UN court tells Beijing: Prove your sea claims
MANILA, Philippines–The United Nations arbitral tribunal has ordered China to defend its territorial claims in the South China Sea by submitting evidence within six months despite Beijing’s refusal to respond to the Philippines’ legal challenge to those sweeping claims.
The UN Permanent Court of Arbitration said in a statement issued in The Hague on Tuesday that the arbitral tribunal had directed China to submit by Dec. 15 its response to the Philippine memorandum submitted on March 30, detailing its case that seeks to nullify the Chinese claims and clarify maritime entitlements in the disputed waters.
It was the first international case filed against China related to territorial disputes in the 3.5-million-square-kilometer sea where islands, islets, reefs and shoals are believed to be sitting atop vast oil and gas reserves.
China has rejected the order, saying it has no plans to take part.
Aside from China and the Philippines, Brunei, Malaysia, Taiwan and Vietnam claim overlapping parts of the South China Sea, with Beijing saying it has sovereignty over virtually all of the resource-rich waters. China’s disputes with the Philippines and Vietnam have worsened recently, especially after it deployed an oil rig early last month in waters also claimed by Hanoi, sparking violent anti-China protests in Vietnam.
Next armed conflict
There have been fears the territorial disputes could spark Asia’s next armed conflict, although analysts say a major fight is unlikely given that major instability could shatter the region’s bullish economies.
Beijing’s aggressive moves in the disputed waters, which straddle one of the world’s busiest sea lanes, were “dangerous conduct and intimidation” that rachets tension and could undermine the economically vibrant region, said US Secretary of Commerce Penny Pritzky, who is visiting Manila with American business executives.
China has warned the United States to stop meddling.
It has said all along it will not participate in the arbitration proceedings initiated by the Philippines in January last year, preferring a bilateral approach to resolve the conflicts.
Beijing informed the tribunal on May 21 that it “does not accept the arbitration initiated by the Philippines” and that its issuance of a comment on the case should “not be regarded as China’s acceptance of or participation in the proceedings.”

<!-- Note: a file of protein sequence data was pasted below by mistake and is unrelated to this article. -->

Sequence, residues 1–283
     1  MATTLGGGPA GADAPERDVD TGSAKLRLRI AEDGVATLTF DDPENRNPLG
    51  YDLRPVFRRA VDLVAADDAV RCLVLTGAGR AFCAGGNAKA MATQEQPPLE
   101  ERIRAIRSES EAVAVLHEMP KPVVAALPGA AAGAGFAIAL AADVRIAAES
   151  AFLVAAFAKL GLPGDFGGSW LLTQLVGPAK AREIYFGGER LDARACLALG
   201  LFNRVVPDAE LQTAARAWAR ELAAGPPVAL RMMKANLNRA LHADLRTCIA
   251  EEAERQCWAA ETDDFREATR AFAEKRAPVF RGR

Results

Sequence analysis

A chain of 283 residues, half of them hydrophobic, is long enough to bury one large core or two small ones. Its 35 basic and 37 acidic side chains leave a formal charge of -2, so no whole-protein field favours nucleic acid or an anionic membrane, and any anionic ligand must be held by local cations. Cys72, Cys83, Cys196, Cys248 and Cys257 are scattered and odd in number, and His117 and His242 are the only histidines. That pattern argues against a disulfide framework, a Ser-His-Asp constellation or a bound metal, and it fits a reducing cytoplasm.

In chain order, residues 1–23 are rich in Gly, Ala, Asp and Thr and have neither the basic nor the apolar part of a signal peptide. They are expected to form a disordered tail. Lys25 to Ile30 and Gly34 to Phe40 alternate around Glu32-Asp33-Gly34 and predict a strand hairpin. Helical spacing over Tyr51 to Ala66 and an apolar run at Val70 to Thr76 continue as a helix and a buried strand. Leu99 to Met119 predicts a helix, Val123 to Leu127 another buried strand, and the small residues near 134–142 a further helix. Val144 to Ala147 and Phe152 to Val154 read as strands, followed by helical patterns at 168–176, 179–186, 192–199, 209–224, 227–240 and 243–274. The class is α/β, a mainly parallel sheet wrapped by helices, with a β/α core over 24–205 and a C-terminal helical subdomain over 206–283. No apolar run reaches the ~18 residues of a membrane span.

Philippine officials on Wednesday reiterated a call to China to join the arbitration as a peaceful and durable solution to resolve the long-raging territorial disputes.
China’s stance unchanged
Charles Jose, spokesman for the Department of Foreign Affairs, said, “We continue to urge China to reconsider its decision not to participate in the arbitration proceedings. We also wish to reiterate that arbitration is a peaceful, open and friendly resolution mechanism that offers a durable solution to the disputes in the South China Sea.”
But China’s foreign ministry said on Wednesday that Beijing’s “stance of not accepting and not participating in the relevant Philippines’ arbitration case has not changed.”
The Philippines is seeking confirmation of its right to exploit waters within a 370-km exclusive economic zone, as allowed under the UN Convention on the Law of the Sea, its lawyers have said.
In giving China time to respond to the Philippines’ filing, the tribunal said on Monday that it was fulfilling its obligation to assure each party “a full opportunity to be heard and to present its case.”
The UN tribunal issued the order after a meeting at the Peace Palace in The Hague, the Netherlands, on May 14 and 15, or a month and a half since Manila submitted its memorandum.
As the tribunal described it, the document covers “matters relating to the jurisdiction of the arbitral tribunal, the admissibility of the Philippines’ claim, as well as the merits of the dispute.”
Noting China’s May 21 rejection, the tribunal suggested it would continue hearing the Philippine complaint even without Beijing’s involvement.
“The arbitral tribunal will determine the further course of the proceedings, including the need for, and scheduling of any other written submissions and hearings, at an appropriate later stage, after seeking the views of the parties,” the tribunal said.
The Philippine case asks the UN tribunal to invalidate China’s “nine-dash-line” claim over the South China Sea. That refers to a rough Chinese demarcation on its official maps of its territorial claims that cover virtually the entire South China.
The Philippines charges that the nine-dash-line claim is an “excessive declaration of territory” that extends well beyond China’s exclusive economic zone, encroaching on the West Philippine Sea, part of the South China Sea within Manila’s own economic exclusion zone.
If China continues to shun the arbitral panel, the tribunal is likely to schedule a hearing and rule based solely on the Philippines’ pleading.
“China has a right to be heard, that’s why the court issued the procedural order. If they will still refuse to participate, the court might decide based on the Philippines’ submission,” Jose said.
The Philippines’ legal action has gained support from the international community, including allies the United States and Japan, for being a peaceful means to resolve the increasingly tense territorial disputes in the South China Sea.
The Philippine arbitration case is closely watched by the other claimant states, including Vietnam, which last month said it was considering legal action against China after Beijing moved a deep-water oil rig into the East Sea, part of the South China Sea within Hanoi’s exclusive economic zone.
China earlier said that the Philippine legal action has “seriously damaged” relations between Manila and Beijing.–With a report from AP
Originally posted at 5:46 pm | Wednesday, June 4, 2014
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